Walter Stewart, 6th High Steward of Scotland

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Walter Stewart
6th High Steward of Scotland
Bornc. 1296
Died(1327-04-09)9 April 1327
Bathgate Castle
Noble familyHouse of Stewart
Spouse(s)Marjorie Bruce
Isabel de Graham
FatherJames Stewart, 5th High Steward of Scotland
MotherGiles de Burgh

Walter Stewart (c. 1296[1] – 9 April 1327) was the 6th Hereditary High Steward of Scotland and was the father of King Robert II of Scotland, the first Stewart monarch.


He was born at Bathgate Castle,[1] West Lothian, Scotland, the eldest son and heir of James Stewart, 5th High Steward of Scotland (c. 1260-1309) by his third wife Giles (Latinised to Egidia) de Burgh, a daughter of the Irish nobleman Walter de Burgh, 1st Earl of Ulster.[2][3]


At the age of 21 Walter fought against the English at the Battle of Bannockburn in 1314[4] where according to some sources, together with Douglas he commanded the left wing of the Scots' army,[5] but according to other sources was (due to his youth and inexperience) merely the nominal leader of one of the four (or three[6]) Scottish schiltrons, the effective leader being his cousin James Douglas, Lord of Douglas.[7]

For his services at Bannockburn, Walter was appointed Warden of the Western Marches and was rewarded with a grant of the lands of Largs, which had been forfeited by King John Balliol. In 1316 Stewart donated those lands to Paisley Abbey.[8]

Following the liberation of King Robert the Bruce's wife, Elizabeth de Burgh, and daughter, Marjorie, from their long captivity in England in October 1314, Walter the High Steward was sent to receive them at the Anglo-Scottish Border and conduct them back to the Scottish royal court.[5] Soon after, in 1315, he married Marjorie, receiving the Barony of Bathgate in Linlithgowshire as part of his wife's dowry.[9]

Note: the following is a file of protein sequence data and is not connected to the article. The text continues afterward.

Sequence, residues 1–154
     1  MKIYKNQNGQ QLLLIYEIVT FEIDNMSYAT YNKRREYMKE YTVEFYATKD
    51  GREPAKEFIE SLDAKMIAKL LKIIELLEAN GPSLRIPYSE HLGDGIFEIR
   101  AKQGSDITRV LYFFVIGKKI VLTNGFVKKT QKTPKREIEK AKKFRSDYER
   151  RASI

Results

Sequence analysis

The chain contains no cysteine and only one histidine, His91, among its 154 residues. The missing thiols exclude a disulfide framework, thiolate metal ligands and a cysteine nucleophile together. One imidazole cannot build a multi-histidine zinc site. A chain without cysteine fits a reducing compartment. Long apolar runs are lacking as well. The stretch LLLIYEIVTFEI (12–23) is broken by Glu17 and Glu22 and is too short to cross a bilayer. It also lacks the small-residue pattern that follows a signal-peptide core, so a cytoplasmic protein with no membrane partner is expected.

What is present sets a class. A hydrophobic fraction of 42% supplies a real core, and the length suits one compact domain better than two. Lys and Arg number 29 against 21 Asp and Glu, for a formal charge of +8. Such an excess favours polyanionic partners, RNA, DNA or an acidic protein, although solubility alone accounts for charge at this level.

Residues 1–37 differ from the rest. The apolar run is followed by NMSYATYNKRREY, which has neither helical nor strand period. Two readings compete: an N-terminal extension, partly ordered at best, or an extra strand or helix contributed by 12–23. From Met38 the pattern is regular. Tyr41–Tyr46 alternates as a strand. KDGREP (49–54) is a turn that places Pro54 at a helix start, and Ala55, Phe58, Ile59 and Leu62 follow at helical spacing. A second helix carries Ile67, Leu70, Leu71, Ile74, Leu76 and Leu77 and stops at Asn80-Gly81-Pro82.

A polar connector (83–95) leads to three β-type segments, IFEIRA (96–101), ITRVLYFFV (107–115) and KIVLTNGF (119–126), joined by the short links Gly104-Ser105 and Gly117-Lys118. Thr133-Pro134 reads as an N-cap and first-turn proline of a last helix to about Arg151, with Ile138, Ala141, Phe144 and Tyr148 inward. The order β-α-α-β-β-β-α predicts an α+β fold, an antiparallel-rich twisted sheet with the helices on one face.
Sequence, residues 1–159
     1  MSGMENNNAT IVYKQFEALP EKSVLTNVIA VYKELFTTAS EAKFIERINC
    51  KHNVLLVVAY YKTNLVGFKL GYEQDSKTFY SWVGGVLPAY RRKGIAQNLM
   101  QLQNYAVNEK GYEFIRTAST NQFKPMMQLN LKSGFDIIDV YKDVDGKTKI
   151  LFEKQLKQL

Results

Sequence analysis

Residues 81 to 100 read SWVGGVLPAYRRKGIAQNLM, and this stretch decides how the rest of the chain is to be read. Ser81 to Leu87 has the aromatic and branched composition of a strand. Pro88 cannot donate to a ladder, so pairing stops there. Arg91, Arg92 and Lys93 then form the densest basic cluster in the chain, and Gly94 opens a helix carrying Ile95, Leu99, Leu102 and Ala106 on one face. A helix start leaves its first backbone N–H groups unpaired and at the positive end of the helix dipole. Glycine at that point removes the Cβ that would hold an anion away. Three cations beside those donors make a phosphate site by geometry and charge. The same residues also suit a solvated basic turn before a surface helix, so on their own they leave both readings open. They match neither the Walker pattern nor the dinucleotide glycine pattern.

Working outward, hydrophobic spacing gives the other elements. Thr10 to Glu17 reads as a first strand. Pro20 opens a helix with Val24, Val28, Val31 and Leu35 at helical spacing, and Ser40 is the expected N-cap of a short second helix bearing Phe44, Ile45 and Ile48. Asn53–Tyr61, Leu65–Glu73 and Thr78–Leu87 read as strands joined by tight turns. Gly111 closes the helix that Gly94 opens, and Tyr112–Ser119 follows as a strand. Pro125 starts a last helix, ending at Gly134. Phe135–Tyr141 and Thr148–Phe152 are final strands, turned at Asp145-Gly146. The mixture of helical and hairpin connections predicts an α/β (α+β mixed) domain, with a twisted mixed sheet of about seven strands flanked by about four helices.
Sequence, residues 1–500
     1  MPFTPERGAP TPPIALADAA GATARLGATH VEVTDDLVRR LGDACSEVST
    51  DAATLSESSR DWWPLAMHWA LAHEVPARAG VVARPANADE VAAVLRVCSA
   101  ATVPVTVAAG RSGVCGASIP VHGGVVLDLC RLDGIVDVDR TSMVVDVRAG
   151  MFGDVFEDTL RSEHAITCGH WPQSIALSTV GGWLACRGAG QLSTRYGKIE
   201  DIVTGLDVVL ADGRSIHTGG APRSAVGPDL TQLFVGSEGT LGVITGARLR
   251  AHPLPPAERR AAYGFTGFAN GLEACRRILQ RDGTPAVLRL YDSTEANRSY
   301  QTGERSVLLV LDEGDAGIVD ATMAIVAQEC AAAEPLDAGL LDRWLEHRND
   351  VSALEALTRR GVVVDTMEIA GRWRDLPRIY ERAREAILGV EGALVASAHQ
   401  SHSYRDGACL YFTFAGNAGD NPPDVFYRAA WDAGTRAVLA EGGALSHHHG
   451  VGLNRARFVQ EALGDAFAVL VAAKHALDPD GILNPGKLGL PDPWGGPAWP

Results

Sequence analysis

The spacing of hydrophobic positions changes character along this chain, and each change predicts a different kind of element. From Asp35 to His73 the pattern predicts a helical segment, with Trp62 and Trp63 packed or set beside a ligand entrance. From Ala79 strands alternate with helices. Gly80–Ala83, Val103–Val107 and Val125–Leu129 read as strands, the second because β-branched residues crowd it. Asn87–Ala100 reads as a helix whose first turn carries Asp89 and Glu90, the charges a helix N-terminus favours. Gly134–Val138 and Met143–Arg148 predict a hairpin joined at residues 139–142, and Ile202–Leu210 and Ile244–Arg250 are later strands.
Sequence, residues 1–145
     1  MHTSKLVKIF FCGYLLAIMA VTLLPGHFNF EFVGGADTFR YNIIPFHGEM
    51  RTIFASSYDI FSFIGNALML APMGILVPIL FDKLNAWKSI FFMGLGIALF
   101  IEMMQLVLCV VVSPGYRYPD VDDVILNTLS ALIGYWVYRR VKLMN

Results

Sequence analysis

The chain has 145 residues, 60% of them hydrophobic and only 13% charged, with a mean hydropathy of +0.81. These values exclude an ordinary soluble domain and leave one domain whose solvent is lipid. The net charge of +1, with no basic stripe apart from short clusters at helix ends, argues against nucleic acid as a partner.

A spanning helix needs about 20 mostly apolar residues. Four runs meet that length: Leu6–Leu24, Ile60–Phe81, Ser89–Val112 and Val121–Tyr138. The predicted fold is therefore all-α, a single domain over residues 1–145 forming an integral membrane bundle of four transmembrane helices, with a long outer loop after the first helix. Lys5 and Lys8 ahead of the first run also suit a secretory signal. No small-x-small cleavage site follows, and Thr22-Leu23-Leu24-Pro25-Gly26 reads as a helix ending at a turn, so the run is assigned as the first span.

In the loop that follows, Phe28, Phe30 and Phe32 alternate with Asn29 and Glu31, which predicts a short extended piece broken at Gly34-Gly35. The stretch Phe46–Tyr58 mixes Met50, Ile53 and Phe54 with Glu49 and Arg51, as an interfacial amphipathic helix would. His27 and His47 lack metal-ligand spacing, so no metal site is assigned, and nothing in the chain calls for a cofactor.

During the absence of King Robert the Bruce in Ireland, Walter the High Steward and Sir James Douglas managed government affairs and spent much time defending the Scottish Borders. Upon the capture of Berwick-upon-Tweed from the English in 1318 he took command of the town which subsequently on 24 July 1319 was besieged by King Edward II of England. Several of the siege engines were destroyed by the Scots' garrison whereupon Walter the Steward suddenly rushed in force from the walled town to drive off the enemy. In 1322, with Douglas and Thomas Randolph, he made an attempt to surprise the English king at Byland Abbey, near Malton in Yorkshire, but Edward escaped, pursued towards York by Walter the Steward and 500 horsemen.[5]

Around 1320/26, Walter, Steward of Scotland, granted by charter to John St. Clair, his valet, the lands of Maxton, Roxburghshire, one of the witnesses being Roberto de Lauwedir tunc justiciario Laudonie ("Robert de Lauder, then Justiciar of Lothian").[10]

Marriages and children[edit]

He married twice:

Death and burial[edit]

He died on 9 April 1327 at Bathgate Castle and was buried in the Abbey Church of Paisley, alongside his first wife, Marjorie Bruce, and his five High Steward ancestors. A memorial on the wall of the Abbey is inscribed as follows:[13]

In everlasting memory of the High Stewards of Scotland. Here rest their bodies where stood the high altar of this Abbey Church of Paisley.

Court offices
Preceded by High Steward of Scotland
Succeeded by


  1. ^ a b G. W. S. Barrow, 'Stewart family (per. c.1110–c.1350)', Oxford Dictionary of National Biography, Oxford University Press, 2004.
  2. ^ Cal.Doc Scot. vol ii, no 847
  3. ^ Walter's mother is sometimes identified erroneously as Cecily or Cecilia de Dunbar, his father's first wife[citation needed]
  4. ^ Simpson, David, The Genealogical and Chronological History of the Stuarts, Edinburgh, 1713.
  5. ^ a b c Anderson, William, The Scottish Nation, Edinburgh, 1867, vol.ix, p. 513, states he was 21 years of age at Bannockburn.
  6. ^ Peter Traquair Freedom's Sword
  7. ^ John Prebble The Lion in the North
  8. ^ Stewart, James King (1901). The Story of the Stewarts. Edinburgh: George Stewart & Co. p. 75-76. Retrieved 12 January 2017. largs.
  9. ^ Stewart. Story. pp. 75–76.
  10. ^ Angus, William, editor, Miscellaneous Charters 1315-1401, in Miscellany of The Scottish History Society, vol. 5, 1933, p. 9.
  11. ^ Weir, Alison (2008). Britain's Royal Families: The Complete Genealogy. London: Vintage. p. 215. ISBN 978-0099539735.
  12. ^ Weir. Britain's Royal Families. p. 215.
  13. ^ "Sir Walter Stewart". Find a Grave. Retrieved 12 January 2017.

Further reading[edit]

  • Burke, Messrs., John and John Bernard, The Royal Families of England Scotland and Wales, with Their Descendants &c., London, 1848, volume 1, pedigree LXVIII, and volume 2 (1851) page xlvi.
  • Clay, John W., FSA., editor, The Visitation of Cambridge, 1575 and 1619 by Henery St.George, Richmond Herald, Harleian Society, London, 1897, pps: 7 - 11.
  • Dunbar, Sir Archibald H., Bt., Scottish Kings, a Revised Chronology of Scottish History, 1005 - 1625, Edinburgh, 1899, pps: 126 - 144.
  • Louda, Jiri, & Maclagan, Michael, Lines of Succession, London, 1981.
  • Weis, Frederick Lewis, et al., The Magna Charta Sureties 1215, 5th edition, Baltimore, 2002, p. 50.